The Classic is only better suited for everyday household use by default. Both the Classic and the Premier are premium quality knives, but the Premier is definitely going to give you that professional experience that high-quality knives deliver.

In terms of actual physical differences, the blade on the Premier is slightly sharper and sturdier than that of the Classic. However, the Classic may feel more comfortable to hold by the average cook, thanks to its D-shaped handle.

Both handles are made from Pakkawood, which is resistant to moisture and warping. This makes both knives suitable for a wide variety of kitchen applications.

Caring and Maintaining Shun Cutlery

Shun knives are made to last for both home cooks and skilled chefs, so you should take extra care when using and storing them. With proper care, a Shun knife can last an extremely long time and provide unprecedented kitchen performance.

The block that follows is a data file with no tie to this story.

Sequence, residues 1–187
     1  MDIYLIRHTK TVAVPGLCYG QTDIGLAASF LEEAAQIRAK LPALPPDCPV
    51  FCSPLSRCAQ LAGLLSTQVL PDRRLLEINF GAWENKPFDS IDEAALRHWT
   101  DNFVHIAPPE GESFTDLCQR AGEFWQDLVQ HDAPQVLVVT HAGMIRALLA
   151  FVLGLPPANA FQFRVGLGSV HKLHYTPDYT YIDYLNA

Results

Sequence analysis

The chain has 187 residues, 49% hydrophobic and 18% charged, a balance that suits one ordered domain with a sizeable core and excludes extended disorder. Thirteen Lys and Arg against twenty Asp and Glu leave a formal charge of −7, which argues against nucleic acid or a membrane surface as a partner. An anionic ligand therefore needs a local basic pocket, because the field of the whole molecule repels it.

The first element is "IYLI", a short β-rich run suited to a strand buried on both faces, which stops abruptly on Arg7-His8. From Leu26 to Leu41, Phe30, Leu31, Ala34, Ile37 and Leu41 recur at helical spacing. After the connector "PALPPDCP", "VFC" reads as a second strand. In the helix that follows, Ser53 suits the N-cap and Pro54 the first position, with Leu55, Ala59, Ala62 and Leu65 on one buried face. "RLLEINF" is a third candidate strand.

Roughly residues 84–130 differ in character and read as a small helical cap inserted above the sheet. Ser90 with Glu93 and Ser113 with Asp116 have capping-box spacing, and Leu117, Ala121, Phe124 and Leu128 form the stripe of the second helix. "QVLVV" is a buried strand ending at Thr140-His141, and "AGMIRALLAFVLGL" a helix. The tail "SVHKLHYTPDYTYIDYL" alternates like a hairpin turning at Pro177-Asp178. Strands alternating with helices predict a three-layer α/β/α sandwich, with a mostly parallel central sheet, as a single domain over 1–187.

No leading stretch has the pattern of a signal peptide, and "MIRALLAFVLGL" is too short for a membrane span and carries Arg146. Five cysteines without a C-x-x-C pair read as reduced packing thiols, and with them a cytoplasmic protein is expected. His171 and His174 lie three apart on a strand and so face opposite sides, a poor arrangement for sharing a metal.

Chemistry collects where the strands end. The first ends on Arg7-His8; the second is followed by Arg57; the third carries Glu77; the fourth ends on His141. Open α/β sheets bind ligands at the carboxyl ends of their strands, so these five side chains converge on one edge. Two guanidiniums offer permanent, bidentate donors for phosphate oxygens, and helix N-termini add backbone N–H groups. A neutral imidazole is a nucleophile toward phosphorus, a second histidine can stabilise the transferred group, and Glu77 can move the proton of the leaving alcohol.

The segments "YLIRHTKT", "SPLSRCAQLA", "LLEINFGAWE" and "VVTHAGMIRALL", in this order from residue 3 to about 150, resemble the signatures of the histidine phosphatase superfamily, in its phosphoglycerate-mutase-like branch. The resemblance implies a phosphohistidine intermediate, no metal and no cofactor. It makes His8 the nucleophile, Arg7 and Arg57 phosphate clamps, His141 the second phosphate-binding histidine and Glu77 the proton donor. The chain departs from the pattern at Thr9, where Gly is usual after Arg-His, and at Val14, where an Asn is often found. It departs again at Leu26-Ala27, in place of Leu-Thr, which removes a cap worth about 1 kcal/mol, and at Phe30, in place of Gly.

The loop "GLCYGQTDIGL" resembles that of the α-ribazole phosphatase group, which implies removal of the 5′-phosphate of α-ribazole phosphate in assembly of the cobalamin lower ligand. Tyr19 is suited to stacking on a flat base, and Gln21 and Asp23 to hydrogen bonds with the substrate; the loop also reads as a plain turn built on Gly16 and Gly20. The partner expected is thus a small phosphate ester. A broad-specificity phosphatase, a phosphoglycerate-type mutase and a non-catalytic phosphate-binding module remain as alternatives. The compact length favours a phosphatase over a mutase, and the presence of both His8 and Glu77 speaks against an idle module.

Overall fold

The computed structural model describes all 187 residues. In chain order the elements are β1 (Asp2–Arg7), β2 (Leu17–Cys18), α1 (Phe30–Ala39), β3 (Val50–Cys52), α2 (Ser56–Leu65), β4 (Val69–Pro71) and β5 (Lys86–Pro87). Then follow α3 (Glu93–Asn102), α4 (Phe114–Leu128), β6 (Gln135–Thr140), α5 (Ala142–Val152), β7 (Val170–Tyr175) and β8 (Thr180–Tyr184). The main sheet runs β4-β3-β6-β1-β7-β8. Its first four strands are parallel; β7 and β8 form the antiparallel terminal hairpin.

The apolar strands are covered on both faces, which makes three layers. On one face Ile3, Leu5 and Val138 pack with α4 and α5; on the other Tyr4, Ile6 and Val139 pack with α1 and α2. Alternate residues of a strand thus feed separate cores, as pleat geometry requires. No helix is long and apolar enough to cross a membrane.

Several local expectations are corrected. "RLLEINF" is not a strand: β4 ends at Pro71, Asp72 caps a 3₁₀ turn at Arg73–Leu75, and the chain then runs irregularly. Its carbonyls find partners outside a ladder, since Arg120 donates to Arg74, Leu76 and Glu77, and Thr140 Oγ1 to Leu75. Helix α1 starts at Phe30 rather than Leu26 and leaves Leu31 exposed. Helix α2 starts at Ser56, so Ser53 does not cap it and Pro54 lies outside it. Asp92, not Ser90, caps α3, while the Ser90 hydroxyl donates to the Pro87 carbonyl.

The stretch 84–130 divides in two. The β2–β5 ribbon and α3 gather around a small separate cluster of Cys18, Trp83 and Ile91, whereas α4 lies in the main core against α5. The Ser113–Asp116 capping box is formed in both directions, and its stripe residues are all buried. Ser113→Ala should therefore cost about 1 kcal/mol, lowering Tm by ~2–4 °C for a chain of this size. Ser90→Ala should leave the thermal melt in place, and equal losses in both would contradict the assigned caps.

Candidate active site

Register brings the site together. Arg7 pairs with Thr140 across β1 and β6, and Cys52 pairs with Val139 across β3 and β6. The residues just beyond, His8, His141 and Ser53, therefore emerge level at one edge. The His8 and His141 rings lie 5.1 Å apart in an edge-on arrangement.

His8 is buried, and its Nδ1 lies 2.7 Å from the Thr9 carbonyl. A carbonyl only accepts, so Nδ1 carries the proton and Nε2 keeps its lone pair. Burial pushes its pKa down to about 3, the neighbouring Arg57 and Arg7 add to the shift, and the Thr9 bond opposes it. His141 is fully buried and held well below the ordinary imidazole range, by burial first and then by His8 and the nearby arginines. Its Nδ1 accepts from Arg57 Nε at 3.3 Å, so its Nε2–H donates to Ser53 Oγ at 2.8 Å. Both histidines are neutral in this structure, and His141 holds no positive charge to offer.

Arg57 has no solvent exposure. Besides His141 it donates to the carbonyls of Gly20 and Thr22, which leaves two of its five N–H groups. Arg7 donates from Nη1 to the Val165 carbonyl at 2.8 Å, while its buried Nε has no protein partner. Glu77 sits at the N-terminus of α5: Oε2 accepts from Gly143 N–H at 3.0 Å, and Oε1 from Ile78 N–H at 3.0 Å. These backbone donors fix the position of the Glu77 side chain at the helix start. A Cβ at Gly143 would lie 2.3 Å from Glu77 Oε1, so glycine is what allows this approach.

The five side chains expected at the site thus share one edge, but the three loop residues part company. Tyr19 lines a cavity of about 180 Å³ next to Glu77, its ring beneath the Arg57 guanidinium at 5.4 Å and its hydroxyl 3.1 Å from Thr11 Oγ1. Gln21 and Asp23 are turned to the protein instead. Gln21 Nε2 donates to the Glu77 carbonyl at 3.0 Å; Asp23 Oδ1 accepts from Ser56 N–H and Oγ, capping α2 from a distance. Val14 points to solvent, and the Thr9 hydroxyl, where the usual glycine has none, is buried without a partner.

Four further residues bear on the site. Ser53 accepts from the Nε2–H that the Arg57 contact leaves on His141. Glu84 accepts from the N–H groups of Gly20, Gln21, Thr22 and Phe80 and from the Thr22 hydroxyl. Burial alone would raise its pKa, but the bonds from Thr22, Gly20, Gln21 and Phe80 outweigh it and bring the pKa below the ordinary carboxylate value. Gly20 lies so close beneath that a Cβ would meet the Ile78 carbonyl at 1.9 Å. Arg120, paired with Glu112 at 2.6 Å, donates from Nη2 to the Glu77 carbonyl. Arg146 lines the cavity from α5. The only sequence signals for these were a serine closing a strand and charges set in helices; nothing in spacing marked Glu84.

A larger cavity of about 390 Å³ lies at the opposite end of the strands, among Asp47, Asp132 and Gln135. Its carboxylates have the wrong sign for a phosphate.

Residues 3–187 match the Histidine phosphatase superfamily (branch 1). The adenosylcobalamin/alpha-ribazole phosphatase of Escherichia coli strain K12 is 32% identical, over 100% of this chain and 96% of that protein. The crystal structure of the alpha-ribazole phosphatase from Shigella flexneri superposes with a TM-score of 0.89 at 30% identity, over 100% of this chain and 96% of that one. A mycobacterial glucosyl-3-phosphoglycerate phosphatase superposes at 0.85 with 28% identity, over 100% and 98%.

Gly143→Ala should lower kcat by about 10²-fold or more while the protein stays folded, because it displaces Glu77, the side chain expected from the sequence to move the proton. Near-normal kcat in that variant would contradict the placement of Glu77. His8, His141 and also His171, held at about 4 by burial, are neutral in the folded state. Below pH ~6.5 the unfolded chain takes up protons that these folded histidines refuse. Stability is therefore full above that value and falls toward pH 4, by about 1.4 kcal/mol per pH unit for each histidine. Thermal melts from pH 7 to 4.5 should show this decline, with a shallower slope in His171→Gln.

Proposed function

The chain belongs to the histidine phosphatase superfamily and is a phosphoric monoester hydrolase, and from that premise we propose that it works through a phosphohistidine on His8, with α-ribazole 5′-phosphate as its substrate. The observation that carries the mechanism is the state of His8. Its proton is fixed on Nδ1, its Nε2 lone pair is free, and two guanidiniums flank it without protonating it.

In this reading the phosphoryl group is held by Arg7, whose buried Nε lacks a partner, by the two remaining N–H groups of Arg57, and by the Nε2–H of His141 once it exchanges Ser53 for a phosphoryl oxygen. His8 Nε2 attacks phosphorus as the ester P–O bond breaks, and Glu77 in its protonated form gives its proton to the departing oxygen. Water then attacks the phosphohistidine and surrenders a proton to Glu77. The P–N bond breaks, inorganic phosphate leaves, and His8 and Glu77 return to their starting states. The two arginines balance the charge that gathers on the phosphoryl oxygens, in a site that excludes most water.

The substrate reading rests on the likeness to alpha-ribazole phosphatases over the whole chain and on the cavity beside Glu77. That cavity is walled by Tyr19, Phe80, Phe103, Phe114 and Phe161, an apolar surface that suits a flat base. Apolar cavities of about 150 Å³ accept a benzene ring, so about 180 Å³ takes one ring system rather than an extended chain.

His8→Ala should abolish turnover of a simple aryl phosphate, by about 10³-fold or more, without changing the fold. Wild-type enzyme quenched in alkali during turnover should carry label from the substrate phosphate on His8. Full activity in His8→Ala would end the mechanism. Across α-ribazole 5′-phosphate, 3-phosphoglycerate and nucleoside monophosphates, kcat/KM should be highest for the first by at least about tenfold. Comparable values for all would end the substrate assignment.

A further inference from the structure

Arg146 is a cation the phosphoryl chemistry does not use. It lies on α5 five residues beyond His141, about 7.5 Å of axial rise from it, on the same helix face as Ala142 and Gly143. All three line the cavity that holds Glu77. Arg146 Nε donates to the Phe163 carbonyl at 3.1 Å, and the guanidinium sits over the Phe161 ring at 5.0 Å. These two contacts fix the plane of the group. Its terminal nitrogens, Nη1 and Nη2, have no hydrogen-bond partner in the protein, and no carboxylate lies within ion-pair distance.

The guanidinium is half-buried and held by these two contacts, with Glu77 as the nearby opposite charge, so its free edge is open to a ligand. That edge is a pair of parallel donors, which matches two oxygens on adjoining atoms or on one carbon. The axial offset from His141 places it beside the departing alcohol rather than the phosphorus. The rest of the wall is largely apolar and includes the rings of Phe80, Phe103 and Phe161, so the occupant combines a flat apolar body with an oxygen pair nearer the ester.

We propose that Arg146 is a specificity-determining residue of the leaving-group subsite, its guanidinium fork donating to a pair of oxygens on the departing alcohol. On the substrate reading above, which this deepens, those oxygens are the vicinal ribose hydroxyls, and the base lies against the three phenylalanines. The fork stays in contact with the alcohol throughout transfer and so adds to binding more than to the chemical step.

To avoid chipping the blade of your Shun knife, use a smooth ‘hand saw’ motion when cutting and slicing, rather than an up-and-down chopping style.

Hand wash your Shun knife with mild soap and dry thoroughly before storing it. This will help avoid any micro-corrosion, rust, and chipping.

Abrasive and citrus-based soaps will cause abrasion, so avoid using them when cleaning these knives.

Use wooden cutting boards with these knives, as glass, marble, ceramic, etc. boards will chip and dull the blade.

Store your Shun knives in a sheath, block or in-drawer holder when packing them away. This will keep the blade from chipping and dulling, and will also keep you and the rest of the household safe.

Be sure to follow the included guide when sharpening these blades, to ensure that they maintain their 16-degree angle, and also to avoid damage.

Wrapping Up

So, while you could technically use either the Shun Classic or Premier, there are a couple of key differences that make them suited for different purposes and environments. We hope that this guide has made those differences a little clearer. Happy chopping!